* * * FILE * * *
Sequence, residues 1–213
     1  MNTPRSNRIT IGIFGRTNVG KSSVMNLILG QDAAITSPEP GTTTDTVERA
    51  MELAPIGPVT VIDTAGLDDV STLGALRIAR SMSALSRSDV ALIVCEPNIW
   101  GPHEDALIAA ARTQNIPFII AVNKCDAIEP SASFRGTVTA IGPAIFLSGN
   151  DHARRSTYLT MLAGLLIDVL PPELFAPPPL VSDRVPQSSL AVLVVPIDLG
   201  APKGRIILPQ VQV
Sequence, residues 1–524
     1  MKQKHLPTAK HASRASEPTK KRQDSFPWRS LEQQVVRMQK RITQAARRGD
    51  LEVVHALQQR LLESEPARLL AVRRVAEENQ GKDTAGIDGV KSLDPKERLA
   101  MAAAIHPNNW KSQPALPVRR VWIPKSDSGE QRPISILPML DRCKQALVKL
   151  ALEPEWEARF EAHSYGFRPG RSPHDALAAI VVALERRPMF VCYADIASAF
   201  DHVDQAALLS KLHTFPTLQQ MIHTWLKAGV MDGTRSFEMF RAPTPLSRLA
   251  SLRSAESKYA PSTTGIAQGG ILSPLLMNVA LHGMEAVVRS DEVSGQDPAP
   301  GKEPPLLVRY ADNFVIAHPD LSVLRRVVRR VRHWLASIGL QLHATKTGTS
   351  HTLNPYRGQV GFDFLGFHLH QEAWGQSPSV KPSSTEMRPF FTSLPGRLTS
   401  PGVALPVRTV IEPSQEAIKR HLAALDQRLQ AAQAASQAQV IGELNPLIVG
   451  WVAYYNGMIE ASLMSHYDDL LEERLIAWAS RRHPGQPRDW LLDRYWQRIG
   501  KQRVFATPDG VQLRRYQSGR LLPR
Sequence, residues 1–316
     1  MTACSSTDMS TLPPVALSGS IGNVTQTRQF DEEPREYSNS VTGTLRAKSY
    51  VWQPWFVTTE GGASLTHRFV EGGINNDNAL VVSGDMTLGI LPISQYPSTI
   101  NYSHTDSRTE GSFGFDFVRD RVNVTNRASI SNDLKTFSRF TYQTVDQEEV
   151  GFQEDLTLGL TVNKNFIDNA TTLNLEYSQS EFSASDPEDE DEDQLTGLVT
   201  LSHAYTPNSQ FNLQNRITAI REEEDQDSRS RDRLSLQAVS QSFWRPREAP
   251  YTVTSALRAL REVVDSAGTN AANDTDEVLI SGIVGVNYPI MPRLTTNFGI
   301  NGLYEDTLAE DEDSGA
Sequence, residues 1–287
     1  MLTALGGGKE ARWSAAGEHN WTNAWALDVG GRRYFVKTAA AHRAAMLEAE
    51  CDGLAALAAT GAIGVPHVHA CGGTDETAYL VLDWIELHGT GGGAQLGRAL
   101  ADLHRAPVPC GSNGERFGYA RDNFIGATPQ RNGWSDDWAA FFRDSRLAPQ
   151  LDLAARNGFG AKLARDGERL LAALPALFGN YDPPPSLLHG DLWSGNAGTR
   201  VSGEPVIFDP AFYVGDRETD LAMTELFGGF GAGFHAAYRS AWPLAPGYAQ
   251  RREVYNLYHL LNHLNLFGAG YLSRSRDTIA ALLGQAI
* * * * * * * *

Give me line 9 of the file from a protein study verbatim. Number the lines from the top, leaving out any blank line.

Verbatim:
    51  LEVVHALQQR LLESEPARLL AVRRVAEENQ GKDTAGIDGV KSLDPKERLA